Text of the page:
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FOR IMMEDIATE RELEASE
Defending Against Post-Infection Cardiovascular Disease
by Michael Passwater
OMNS (Nov. 11, 2022) One of the lessons learned from the COVID-19 pandemic is that viral infections increase the risk of life-threatening cardiovascular disease. A prospective study in the United Kingdom involving 17,871 patients with COVID-19 and 35,742 controls showed an increased risk of cardiovascular disease following illness from viral infection. The 14,304 mild cases that did not require hospitalization were 2.7 times more likely than controls to have a venous thromboembolism (VTE), and 10.2 times more likely to die during the follow-up period which averaged 141 days. The 2,701 cases with Covid-19 as the primary reason for hospitalization were 27.6 times more likely than controls to suffer a VTE, 21.6 times more likely to develop heart failure, 17.5 times more likely to suffer a stroke, and 14.6 times more likely to die. 866 cases hospitalized with Covid-19 as a secondary diagnosis also experienced increased cardiovascular events. The increased risks in all groups were greatest during the first 30 days following infection.  These numbers are striking, but also consistent with data from sepsis patients showing increased risks of cardiovascular disease and death during the "recovery phase" following sepsis. [2,3]
Nutrient deficiencies and disease
Nutrient deficiencies increase the body's susceptibility to infectious diseases. Furthermore, invading viruses and bacteria and the body's response to them increase the consumption of vital nutrients. [4-6] Vitamins C, D, E, K2, magnesium, glutathione, and selenoproteins (proteins in which selenium has been substituted for sulfur in a cysteine amino acid) are needed to support rapidly dividing and increasingly active immune cells. [7-11] Covid-19 has been shown to break down selenoproteins and disrupt antioxidant recycling processes and other vital cellular metabolism pathways. The exacerbation of nutrient deficiencies, including essential amino acids such as lysine, and pathogen-induced metabolic dysfunction, increases inflammation, susceptibility to coagulation (blood clotting or bleeding) problems, calcium metabolism and storage problems, and cardiac rhythm problems. [12-16]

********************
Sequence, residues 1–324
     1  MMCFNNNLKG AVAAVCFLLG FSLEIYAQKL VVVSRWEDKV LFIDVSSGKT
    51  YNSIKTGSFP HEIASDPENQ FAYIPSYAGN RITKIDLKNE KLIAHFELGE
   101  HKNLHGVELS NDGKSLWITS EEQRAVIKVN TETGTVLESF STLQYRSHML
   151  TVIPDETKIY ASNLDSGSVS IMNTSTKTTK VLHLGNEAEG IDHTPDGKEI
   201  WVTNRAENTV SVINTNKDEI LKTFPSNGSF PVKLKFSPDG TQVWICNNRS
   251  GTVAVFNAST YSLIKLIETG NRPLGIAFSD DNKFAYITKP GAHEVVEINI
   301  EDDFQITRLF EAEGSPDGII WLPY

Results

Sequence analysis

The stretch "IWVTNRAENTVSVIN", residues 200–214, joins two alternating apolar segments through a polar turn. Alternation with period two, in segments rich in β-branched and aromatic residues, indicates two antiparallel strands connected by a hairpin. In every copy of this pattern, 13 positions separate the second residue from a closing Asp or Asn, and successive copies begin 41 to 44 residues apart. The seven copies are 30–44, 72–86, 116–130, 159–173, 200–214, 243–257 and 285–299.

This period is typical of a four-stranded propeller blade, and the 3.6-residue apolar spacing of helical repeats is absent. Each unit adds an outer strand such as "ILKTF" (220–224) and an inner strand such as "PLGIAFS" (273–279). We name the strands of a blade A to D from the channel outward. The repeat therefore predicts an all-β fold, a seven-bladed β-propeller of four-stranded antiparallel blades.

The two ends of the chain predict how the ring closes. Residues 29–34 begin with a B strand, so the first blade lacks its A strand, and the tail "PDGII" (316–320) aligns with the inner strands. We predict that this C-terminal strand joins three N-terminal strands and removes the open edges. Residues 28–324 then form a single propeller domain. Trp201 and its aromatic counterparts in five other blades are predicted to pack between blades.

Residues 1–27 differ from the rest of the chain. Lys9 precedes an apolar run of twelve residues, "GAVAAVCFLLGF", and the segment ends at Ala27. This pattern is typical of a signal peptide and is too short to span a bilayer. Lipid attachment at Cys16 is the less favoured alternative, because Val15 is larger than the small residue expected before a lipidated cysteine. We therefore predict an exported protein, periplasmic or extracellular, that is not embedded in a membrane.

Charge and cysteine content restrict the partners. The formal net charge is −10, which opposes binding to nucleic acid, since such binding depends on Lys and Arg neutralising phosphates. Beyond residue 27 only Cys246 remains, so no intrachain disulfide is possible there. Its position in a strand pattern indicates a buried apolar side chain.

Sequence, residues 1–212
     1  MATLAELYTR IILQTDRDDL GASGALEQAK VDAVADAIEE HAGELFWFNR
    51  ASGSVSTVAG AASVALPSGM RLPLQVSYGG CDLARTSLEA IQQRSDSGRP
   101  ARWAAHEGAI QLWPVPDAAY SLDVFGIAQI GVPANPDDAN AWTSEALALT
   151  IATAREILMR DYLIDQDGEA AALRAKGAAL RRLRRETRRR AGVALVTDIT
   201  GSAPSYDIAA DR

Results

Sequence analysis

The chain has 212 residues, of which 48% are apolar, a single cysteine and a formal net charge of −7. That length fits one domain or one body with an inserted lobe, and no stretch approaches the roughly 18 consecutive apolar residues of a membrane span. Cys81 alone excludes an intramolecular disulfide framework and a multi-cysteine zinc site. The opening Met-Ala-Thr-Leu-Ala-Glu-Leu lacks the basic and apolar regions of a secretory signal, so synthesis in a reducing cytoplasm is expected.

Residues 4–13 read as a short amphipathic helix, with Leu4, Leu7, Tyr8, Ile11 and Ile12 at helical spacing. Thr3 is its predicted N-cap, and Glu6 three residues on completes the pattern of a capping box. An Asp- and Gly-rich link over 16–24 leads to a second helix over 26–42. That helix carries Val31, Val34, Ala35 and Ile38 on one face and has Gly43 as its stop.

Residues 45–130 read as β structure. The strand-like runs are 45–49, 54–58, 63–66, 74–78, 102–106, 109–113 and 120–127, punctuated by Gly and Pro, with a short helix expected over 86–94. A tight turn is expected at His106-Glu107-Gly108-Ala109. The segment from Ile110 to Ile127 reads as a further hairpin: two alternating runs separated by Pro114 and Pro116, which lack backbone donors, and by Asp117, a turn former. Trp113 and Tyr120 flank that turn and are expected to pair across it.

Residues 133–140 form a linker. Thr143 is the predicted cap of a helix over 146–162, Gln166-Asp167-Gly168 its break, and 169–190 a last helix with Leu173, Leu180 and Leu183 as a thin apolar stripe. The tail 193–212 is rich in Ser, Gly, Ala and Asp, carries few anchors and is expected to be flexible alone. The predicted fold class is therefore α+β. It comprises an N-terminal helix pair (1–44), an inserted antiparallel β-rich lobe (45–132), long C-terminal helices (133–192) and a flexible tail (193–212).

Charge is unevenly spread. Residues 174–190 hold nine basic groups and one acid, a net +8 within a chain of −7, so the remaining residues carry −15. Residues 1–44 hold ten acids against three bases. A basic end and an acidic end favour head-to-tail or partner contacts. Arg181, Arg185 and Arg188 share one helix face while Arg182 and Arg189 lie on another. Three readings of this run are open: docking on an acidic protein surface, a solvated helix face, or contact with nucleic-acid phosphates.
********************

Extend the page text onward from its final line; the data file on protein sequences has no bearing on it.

Restoring health is more than eliminating pathogenic microbes. Nutrient levels and biochemical pathways must also be restored. Vitamin C, vitamin K2, vitamin E, and selenoproteins have important roles in maintaining healthy endothelial structure and function (blood vessel walls), and anticoagulation - coagulation balance. [8,14,17] Vitamin K2 and vitamin D also have major roles in calcium regulation.  The amino acid lysine, along with vitamin C, is also established as an important part of the Orthomolecular Medicine protocol for cardiovascular disease. [19,20] Lysine also has complex roles in coagulation. Tranexamic acid (TXA) is an antifibrinolytic medication often used in critical care medicine due to its association with increased survival and decreased bleeding in obstetrics, trauma, and major surgery. TXA is an analogue of lysine (a patentable version of an essential natural molecule).